[ 16 Pa. Commw. Page 72]
washing facility use to an HC-Highway Commercial district, it is clear that the drafters of the zoning ordinance did not intend to include the identical use in an LI-Light Industrial district under the less explicit terminology of Section 1405(36). Cf. Bonasi v. Haverford Township Board of Adjustment, 382 Pa. 307, 115 A.2d 225 (1955); Berk v. Township of Whitehall Zoning Hearing Board, supra.
We, of course, recognize that the specific allowance of a car wash use in one zoning district by special exception does not necessarily negate the same use in another district covering a more general grouping of permitted uses. But here we have a subsequent amendment to the zoning ordinance which expressly limits automobile washing facilities to HC-Highway Commercial districts, and it is this factor which clearly distinguishes this case from Parisi v. Philadelphia Zoning Board of Adjustment, 393 Pa. 458, 143 A.2d 360 (1958). In Parisi, a landowner had applied for a certificate to operate a car washing facility in an "A" Commercial zoning district in Philadelphia. Under a prior decision of the Supreme Court, a car wash was a permitted use in an "A" Commercial district as a use "of the same general character" as public garage or gas station.*fn4 The zoning board affirmed the denial of a certificate, however, on the ground that the section
[ 16 Pa. Commw. Page 73]
permitting the use had been impliedly repealed by a subsequent amendment which expressly permitted car washes in a "B" Commercial district. On appeal, the Supreme Court reversed, holding that the subsequent amendment did not impliedly repeal the provision for car washes in "A" Commercial districts: "The Board's contention is confronted by the further barrier that implied repeals are not favored by the law: Scott v. Bell, 344 Pa. 243, 246, 25 A.2d 308, and H.C. Frick Coke Company Appeal, 352 Pa. 269, 274, 42 A.2d 532. Of course, that does not mean that the additional obstacle cited is insurmountable in all instances. There may, indeed, be an implied repeal of a legislative enactment. But it can arise only where the language used in the later statute necessarily discloses an irreconcilable repugnancy between its provisions and those of the earlier statute so inconsistent as not to admit of any fair consonant construction of the two. In Scott v. Bell, supra, we quoted with approval from Endlich on Interpretation of Statutes, § 210, as follows: 'In order to give an act not covering the entire ground of an earlier one, nor clearly intended as a substitute for it the effect of repealing it, the implication of an intention to repeal must necessarily flow from the language used, disclosing a repugnancy between its provisions and those of the earlier law, so positive as to be irreconcilable by any fair, strict or liberal, construction of it, which would, without destroying its evident intent and meaning, find for it a reasonable field of operation, preserving, at the same time, the force of the earlier law, and construing both together in harmony with the whole course of legislation upon the subject.'" 393 Pa. at 462, 463, 143 A.2d at 363.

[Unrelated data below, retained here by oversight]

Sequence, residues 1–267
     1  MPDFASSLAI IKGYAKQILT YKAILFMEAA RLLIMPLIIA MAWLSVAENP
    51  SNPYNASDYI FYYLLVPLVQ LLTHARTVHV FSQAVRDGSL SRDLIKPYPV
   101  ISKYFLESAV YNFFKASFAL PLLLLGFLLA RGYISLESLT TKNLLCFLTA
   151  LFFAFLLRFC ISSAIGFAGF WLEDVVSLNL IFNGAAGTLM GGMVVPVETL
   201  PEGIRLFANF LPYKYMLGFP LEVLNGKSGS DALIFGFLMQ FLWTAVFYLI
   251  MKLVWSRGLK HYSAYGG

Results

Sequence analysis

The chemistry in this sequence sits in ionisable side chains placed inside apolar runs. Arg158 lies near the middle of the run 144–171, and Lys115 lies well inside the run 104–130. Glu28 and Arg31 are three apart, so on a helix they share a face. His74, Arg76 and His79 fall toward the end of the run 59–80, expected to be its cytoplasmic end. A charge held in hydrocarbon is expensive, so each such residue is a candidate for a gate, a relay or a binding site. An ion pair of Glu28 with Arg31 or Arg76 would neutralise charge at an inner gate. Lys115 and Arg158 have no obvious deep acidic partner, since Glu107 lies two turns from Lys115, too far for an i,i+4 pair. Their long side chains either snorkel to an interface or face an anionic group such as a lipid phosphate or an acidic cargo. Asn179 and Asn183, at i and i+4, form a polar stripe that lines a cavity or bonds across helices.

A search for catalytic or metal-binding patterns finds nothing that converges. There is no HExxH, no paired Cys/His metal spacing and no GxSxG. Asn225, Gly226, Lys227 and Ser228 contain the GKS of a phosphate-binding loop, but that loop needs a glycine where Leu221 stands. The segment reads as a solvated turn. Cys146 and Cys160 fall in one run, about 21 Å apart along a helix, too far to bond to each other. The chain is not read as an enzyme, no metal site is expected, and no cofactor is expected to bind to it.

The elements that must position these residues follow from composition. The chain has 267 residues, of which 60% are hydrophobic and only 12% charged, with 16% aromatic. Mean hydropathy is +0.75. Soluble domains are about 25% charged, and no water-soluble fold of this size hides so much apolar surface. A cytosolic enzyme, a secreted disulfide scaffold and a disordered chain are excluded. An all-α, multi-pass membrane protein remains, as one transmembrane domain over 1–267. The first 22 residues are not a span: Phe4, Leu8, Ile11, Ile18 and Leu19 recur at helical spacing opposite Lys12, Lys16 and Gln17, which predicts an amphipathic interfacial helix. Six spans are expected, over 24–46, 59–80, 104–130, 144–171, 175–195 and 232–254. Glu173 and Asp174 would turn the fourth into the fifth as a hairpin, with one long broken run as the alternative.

In the instant case, we find Ordinance No. 235 meets the test for an implied repealer as enunciated above in Parisi v. Philadelphia Zoning Board of Adjustment, supra. The subsequent amendment to Section
[ 16 Pa. Commw. Page 741405]
, by the addition of subsection (34A), is necessarily repugnant to a continued construction of subsection (36) to permit a car wash facility as a primary use in an LI-Light Industrial district after the drafters of the ordinance expressly declared that such a use was limited to HC-Highway Commercial districts.
Having determined that a car wash facility is not a permitted primary use in an LI-Light Industrial district but is permitted in an HC-Highway Commercial district, Kessler's constitutional argument of a total exclusion is patently without merit. The 1972 amendment adding automobile washing facilities under Section 1405(34A) as a primary use in HC-Highway Commercial districts cured any constitutional deficiency in this respect. As Kessler did not file a permit for a car wash use under Section 1405(36) until more than seven months after the passage of the amendment to Section 1405(34A), it is clear that he had no vested right to challenge the constitutionality of the ordinance as it existed prior to the curative amendment by Section 1405(34A). Cf. Willistown Township v. Chesterdale Farms, Inc., 7 Pa. Commonwealth Ct. 453, 300 A.2d 107 (1973); Compare Camp Hill Development Co. v. Zoning Board of Adjustment, Borough of Dauphin, 13 Pa. Commonwealth Ct. 519, 319 A.2d 197 (1974).